Did you actually read the entire opening post or just the first paragraph or two?

Originally posted by davethebear
A truly wonderful little story.....that has really made my day...something so simple, but at the same time tells me so much about how we are as a species and what we accept as the truth.......

thank you

I also want to thank the OP, this was - all be it on such a 'simple' matter - an excellent post. Which in turn has got me literally thinking about A LOT of subjects where I have just taken things for granted, mostly because I perhaps want to believe the fiction over fact due to its appearance being masked

Although its common sense, next time I jump to a conclusion, I will think back to the logic of the 'Green Tainted Glass' and analyze a little deeper first

edit on 7/9/2011 by Kliskey because: Engrish fail

posted on Sep, 7 2011 @ 11:09 AM
It's incidents like this that once again, show me just how we create our own reality. Perhaps the Asian belief systems are right in this; our tangible perceptions are made up of maya- illusions. Quantum science has been lending credence to this, as all particles are reducible to near nothing-ness. It's only what we expect to see (or feel, smell, taste, hear) that we permit ourselves to recognize. S&F for an awesome post!
edit on 7-9-2011 by lowundertheradar because: (no reason given)

posted on Sep, 7 2011 @ 11:42 AM
Nice post and very good points that we seem to forget as we get older. I personally was faked out for years thinking Chicken McNuggets were real chicken.

posted on Sep, 7 2011 @ 11:54 AM
reply to post by NightSkyeB4Dawn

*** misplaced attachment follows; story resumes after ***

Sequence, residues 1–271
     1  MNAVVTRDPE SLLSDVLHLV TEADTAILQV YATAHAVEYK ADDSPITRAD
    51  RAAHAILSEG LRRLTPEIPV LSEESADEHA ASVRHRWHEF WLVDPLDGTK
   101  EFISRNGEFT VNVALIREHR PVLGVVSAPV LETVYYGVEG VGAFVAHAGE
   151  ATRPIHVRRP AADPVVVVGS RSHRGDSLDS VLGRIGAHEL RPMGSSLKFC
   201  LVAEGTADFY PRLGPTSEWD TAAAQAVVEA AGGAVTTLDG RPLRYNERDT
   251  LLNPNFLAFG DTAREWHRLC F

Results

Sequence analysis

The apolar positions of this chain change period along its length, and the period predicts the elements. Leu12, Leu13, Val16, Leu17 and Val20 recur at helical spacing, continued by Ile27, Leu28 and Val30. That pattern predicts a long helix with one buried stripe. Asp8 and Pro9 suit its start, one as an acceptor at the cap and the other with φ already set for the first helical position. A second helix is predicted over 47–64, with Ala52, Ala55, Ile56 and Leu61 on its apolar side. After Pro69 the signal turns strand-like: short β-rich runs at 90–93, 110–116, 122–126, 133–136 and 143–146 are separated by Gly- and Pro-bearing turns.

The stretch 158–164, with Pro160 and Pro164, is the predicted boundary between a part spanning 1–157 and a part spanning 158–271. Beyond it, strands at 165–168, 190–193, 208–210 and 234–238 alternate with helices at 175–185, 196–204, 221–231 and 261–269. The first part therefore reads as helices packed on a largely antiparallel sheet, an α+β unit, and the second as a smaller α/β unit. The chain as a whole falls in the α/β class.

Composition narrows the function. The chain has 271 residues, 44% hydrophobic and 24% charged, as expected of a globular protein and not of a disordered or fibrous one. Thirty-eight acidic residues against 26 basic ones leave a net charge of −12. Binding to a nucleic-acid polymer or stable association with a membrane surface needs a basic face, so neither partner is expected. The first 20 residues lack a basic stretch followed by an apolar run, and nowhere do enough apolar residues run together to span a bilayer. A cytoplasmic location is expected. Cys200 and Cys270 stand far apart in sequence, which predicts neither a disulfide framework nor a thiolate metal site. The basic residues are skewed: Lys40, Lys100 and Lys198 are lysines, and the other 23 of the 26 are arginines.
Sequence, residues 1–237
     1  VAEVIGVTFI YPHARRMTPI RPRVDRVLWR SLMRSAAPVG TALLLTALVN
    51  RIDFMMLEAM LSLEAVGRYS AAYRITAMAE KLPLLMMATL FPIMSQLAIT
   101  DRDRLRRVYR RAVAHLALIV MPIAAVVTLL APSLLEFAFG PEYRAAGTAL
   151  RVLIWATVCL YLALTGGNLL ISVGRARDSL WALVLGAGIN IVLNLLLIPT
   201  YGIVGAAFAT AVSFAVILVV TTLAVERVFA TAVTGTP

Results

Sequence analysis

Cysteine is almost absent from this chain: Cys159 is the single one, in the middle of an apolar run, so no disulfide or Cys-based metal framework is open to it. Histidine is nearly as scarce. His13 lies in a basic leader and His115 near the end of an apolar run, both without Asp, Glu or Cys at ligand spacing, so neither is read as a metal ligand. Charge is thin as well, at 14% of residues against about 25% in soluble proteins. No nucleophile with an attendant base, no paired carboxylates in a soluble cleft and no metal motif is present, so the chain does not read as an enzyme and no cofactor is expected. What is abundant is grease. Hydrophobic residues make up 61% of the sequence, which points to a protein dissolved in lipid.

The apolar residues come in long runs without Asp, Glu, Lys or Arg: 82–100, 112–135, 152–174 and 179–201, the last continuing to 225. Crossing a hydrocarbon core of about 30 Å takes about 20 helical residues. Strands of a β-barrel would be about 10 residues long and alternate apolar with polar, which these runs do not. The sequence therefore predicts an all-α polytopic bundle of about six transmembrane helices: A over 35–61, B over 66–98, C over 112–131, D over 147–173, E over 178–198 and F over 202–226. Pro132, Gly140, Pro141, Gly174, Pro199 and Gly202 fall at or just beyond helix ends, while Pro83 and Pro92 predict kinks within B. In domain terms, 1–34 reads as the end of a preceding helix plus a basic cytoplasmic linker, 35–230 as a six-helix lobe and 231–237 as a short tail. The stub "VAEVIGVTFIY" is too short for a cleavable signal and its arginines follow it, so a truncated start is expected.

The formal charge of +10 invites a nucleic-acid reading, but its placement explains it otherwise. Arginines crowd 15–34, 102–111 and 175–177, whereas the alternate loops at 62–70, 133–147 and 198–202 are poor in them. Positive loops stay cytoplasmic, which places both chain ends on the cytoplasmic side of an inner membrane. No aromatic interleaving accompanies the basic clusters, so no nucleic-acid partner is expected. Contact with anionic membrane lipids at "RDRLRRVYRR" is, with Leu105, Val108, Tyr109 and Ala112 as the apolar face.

Beautifully written. I was hanging on every word!
I think we should all use the milk glass filter more often!

posted on Sep, 7 2011 @ 12:36 PM
reply to post by NightSkyeB4Dawn

Not long ago people actually believed that Liberalism worked...

posted on Sep, 7 2011 @ 12:37 PM
reply to post by NightSkyeB4Dawn

This is a brilliant post reminding us to observe the world as objectively as possible. Many great teachers have said the path to Truth is always through the eye and mind of a child.

True story: My sister was in therapy and she was asked by the therapist the cliche question whether she sees her circumstances in the world as half empty or half full she replied, "I just see a dirty glass."

posted on Sep, 7 2011 @ 12:45 PM
new englands nice this time of year i think ill go there maybe

posted on Sep, 7 2011 @ 12:50 PM
reply to post by NightSkyeB4Dawn

Nice lesson, but even a more lovely story. Time to leave the conspiracy boards and share that writing talent with a wider audience.

Charmed to the gills here

posted on Sep, 7 2011 @ 12:54 PM

Originally posted by NightSkyeB4Dawn

I want to tell you a story. It is not anything spectacular. It may not even belong here because it is not about conspiracies, UFOs, magic, survival, or other ATS type things; yet it may be a little about all those things.

While looking for something that I knew I had, but had boxed away a long time ago, I found a box filled with old glasses. I had put them away when the children were little and were prone to dropping anything breakable that found itself in their tiny hands. For their safety (glass shards travel mighty distances and their recovery almost always involves pain, blood and tears) I boxed up all the glassware and out came the paper and plastic.

I had forgotten the boxes of glassware I had put aside, and decided that it would be enjoyable to have some of my more favorite glasses back in use again. I don’t know why, but some things just taste better when imbibed from glass rather than paper or plastic. It is all in the mind of course which soon proved itself to be very true.

My young nephew had a short school day recently. I had the pleasure of keeping him out of mischief until his mother was able to pick him up after work. In the mean time I had to provide him with a snack to hold him over until dinner and he agreed to a peanut butter and jelly sandwich with milk. Since he was now the ripe old age of seven, I thought that he was old enough and hopefully mature enough to enjoy a beverage from real glass. I was surprised when he arrived at the table after washing his hands with such a look of befuddlement on his face.